It's been almost a year since Southern California has seen a significant winter storm like the one in the forecast Monday night into Tuesday.
According to the National Weather Service in Los Angeles, rainfall rates could reach 0.50"-1.0" an hour during the peak of the storm.
The heaviest of the rain is expected to fall overnight, and final storm totals could get up to 4-5" in some spots.
It is likely we will see mud and debris flows in the recent burn areas, especially in and near the Thomas, Creek, and La Tuna burn areas with the current rainfall rates in the forecast.
Thunderstorms are also possible which could lead to higher rain rates and an increased threat of flooding and flash flooding.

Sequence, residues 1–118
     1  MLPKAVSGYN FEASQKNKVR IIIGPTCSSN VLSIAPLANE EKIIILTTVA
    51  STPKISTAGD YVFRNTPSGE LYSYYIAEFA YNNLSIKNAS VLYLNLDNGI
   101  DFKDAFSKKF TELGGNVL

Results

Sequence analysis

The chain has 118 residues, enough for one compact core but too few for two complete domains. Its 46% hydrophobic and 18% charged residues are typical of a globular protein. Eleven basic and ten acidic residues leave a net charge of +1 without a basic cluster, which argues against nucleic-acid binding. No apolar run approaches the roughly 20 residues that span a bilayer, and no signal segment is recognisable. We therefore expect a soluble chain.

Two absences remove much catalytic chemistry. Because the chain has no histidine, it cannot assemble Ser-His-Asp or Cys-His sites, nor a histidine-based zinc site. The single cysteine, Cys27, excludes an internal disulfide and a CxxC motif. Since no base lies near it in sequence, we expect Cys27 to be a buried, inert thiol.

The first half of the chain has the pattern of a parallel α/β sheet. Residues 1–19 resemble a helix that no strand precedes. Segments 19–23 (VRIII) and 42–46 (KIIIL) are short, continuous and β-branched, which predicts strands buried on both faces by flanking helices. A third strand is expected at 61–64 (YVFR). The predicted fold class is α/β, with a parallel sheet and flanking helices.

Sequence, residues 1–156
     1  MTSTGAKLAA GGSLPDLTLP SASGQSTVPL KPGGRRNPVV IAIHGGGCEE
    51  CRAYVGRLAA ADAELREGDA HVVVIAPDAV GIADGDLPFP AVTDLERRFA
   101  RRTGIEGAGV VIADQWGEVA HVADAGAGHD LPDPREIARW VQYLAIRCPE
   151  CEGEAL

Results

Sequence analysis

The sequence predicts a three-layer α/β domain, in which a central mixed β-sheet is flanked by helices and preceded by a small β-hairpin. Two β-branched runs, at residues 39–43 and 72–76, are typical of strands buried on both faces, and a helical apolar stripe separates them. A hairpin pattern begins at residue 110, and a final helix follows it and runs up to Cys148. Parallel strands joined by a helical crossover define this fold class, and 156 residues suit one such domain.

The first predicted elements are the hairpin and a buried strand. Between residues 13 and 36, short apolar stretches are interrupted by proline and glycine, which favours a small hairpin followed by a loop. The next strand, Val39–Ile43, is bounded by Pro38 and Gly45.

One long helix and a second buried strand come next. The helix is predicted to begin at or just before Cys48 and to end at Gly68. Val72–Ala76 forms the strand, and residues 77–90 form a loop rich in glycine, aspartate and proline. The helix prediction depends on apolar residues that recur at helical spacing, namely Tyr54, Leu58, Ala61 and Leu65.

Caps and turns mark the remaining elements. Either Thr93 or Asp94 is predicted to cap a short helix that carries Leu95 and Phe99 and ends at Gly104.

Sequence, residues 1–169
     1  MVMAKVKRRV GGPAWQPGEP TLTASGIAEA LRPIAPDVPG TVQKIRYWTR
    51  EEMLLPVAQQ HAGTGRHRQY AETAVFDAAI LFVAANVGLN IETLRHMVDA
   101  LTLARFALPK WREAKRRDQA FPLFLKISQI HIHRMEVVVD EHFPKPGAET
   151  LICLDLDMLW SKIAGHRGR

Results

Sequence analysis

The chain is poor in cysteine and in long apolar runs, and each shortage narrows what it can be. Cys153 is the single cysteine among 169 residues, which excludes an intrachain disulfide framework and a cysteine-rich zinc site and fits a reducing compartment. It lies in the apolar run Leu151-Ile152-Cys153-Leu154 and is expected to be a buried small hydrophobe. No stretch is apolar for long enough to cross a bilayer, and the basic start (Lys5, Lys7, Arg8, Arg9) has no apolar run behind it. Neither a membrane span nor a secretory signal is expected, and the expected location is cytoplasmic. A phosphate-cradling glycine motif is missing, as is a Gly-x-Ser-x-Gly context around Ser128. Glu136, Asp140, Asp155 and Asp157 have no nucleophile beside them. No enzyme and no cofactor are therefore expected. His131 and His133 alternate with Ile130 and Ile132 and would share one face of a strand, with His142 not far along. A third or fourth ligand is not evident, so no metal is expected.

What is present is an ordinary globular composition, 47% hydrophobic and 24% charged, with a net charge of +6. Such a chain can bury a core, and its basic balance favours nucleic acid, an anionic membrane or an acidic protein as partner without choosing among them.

Residents in Southern California should also be prepared for urban/street flooding and rockslides as well as ponding of water on roads and in intersections.
Potentially damaging winds are also possible in the mountains and desert with this storm, and High Wind Watches have already been issued from Fresno to Bakersfield.
For WeatherNation, I'm Meteorologist Meredith Garofalo